' ' Cinema Romantico: 20 Days in Mariupol

Tuesday, February 20, 2024

20 Days in Mariupol

As “20 Days in Mariupol” begins, three Ukrainian journalists, including director Mstyslav Chernov, watch from a Mariupol hospital as black plumes of smoke from artillery shells rise in the distance and tanks emblazoned with the letter Z, marking them as Russian, roll into view. It feels like something culled from a war movie aiming for intense realism, but this is no docudrama, this is a documentary, and when the camera briefly zooms out so that we see one of the journalists perched at the window, snapping pictures of the unfolding scene outside, it breaks the spell. “Film it,” someone says in a line functioning as the film’s dire mantra. Chernov and his Associated Press colleagues, Evgeniy Maloletka and Vasilisa Stepanenko, might have eschewed fleeing the eponymous city in the Donetsk Oblast as Russian forces mounted their invasion of Ukraine in 2022, but they are not cowboys, and this is not “Live from Baghdad,” the 2002 HBO movie recounting CNN’s broadcast of the beginning of the Gulf War. Those airstrikes were timed specifically for the American evening news and became advertisements, militaristic cheerleading, the “We’re going to war!” scene in “Starship Troopers” (1997) lived out for real. “20 Days in Mariupol,” on the other hand, takes the form of Chernov’s detached voiceover, numbed by trauma. 

Though occasionally Chernov and his team are waved away by people who would rather not appear on camera, they are just as frequently approached by people who would, like a policeman specifically wanting to bear witness to the atrocities he has seen, or a doctor who matter-of-factly recounts a pregnant woman who lost both her own life and her baby, transforming the entire documentary into something akin to moving testimony. The images here are as brutal as they are relentless, death and terror and the terrorized aftermath, people with no place to go, their homes destroyed, their lives violently upended. Chernov repeatedly shows us the images that he and his skeleton crew shot, and then he shows us these same images being broadcast over various news networks, at home and abroad. This is less self-congratulatory than an evocation of their mission, to show the world what’s happening, all of “20 Days in Mariupol” rendered in the image of one shot peering through a spider-webbed window caused by a bullet, a cracked view into this obscene conflict.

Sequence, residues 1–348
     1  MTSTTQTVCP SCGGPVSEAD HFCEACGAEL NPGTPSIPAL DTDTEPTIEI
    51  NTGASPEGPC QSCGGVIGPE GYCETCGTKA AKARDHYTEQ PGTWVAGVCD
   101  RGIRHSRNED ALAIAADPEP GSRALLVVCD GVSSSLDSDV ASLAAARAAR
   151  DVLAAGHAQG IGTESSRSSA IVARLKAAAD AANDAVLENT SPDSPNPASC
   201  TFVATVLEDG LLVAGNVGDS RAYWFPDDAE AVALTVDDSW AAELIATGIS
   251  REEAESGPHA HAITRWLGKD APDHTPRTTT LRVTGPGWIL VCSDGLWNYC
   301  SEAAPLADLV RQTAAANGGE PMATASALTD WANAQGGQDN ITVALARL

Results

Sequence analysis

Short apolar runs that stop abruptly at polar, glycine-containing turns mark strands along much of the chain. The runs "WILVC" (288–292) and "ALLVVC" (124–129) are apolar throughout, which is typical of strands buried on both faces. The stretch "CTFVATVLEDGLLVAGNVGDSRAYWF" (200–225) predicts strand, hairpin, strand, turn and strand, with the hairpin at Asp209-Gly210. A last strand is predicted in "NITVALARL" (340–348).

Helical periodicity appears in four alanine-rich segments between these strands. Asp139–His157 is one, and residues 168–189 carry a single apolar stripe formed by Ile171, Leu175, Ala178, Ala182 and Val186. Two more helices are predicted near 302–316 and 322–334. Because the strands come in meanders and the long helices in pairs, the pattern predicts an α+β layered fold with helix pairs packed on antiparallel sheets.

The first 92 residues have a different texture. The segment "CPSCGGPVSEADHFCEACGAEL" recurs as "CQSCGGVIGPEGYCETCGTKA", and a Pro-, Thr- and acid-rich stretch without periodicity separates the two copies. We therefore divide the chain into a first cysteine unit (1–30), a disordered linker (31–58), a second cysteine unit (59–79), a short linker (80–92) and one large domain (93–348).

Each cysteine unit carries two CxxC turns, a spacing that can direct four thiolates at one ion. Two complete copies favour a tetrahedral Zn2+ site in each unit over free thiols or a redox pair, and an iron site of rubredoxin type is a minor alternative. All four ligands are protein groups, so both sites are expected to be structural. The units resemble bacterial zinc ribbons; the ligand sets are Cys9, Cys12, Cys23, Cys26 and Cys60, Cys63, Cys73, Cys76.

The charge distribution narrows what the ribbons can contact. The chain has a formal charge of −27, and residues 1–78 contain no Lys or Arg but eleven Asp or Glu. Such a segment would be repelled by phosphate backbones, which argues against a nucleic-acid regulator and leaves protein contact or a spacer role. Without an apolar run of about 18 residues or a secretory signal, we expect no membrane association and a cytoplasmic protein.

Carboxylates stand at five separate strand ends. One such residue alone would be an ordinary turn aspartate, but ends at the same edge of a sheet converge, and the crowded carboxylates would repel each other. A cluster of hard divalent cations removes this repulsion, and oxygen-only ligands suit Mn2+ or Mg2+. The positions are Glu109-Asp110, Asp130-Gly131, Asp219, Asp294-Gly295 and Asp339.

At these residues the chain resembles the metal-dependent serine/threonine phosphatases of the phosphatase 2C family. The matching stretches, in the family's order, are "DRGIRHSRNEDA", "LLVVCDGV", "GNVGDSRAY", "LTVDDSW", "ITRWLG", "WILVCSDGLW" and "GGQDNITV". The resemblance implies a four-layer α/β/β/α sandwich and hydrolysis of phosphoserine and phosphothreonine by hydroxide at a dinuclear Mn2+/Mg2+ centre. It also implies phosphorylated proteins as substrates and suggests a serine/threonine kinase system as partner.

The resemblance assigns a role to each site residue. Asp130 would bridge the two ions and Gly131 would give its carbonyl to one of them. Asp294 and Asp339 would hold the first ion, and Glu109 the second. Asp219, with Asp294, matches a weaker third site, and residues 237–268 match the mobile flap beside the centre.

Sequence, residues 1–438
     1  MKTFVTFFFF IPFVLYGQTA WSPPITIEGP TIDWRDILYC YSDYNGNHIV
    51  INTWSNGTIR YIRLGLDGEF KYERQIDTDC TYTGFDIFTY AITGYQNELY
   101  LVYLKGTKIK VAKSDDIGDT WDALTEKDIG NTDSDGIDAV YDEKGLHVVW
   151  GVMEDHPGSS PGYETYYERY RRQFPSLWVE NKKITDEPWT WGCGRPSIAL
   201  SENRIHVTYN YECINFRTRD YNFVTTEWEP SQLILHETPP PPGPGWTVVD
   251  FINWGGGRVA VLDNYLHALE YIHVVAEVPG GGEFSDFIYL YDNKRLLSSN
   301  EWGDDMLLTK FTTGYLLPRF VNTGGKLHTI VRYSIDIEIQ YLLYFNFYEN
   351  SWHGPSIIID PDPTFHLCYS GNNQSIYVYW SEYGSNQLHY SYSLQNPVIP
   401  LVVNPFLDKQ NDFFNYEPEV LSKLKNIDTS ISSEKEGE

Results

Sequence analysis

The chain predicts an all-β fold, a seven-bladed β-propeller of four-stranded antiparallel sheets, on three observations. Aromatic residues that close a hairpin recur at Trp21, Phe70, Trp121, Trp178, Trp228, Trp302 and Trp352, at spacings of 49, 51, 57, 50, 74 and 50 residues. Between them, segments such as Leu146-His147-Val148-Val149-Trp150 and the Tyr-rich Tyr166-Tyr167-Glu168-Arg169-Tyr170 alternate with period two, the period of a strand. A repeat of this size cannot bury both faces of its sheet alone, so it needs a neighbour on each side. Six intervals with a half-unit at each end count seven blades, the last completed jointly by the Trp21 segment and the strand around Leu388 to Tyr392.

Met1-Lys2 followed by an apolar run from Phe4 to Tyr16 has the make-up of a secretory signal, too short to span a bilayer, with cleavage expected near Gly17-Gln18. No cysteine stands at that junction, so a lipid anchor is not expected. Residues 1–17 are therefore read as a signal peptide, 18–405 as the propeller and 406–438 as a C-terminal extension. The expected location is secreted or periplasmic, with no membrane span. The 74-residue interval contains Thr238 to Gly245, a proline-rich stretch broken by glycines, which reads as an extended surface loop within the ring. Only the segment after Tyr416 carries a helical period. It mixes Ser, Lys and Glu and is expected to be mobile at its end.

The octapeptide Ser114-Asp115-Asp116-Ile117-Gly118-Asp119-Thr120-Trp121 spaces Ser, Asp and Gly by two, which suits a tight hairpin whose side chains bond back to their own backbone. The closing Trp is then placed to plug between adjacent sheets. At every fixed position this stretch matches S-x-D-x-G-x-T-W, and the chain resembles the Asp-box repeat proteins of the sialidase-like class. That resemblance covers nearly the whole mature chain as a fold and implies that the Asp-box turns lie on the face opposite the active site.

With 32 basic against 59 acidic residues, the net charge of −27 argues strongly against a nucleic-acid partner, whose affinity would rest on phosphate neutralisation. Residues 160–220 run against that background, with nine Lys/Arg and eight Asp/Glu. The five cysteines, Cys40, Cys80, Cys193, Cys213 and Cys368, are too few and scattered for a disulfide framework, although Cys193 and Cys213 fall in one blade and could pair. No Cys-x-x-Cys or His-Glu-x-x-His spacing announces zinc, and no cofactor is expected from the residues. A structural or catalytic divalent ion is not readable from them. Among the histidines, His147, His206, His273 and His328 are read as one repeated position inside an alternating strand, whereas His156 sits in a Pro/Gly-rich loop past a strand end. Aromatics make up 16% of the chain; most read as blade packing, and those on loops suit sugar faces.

“My brain wants to forget what I saw,” Chernov says at one point in voiceover, “but the camera will remember.” It’s an observation as broad as it is specific, underlining the purpose and power of a movie camera in the first place, and becoming an emphatic rejoinder to Russia’s UN Ambassador, seen near the doc’s end dismissing so much of the footage emerging from Mariupol as fake news, the standard-issue deflection of blowhards, con artists, and strongmen, daring us to bury our heads in the sand, to not believe all that we have just seen. Watching this unfold, you can only hope there is a Chernov on the ground in Gaza right now. 

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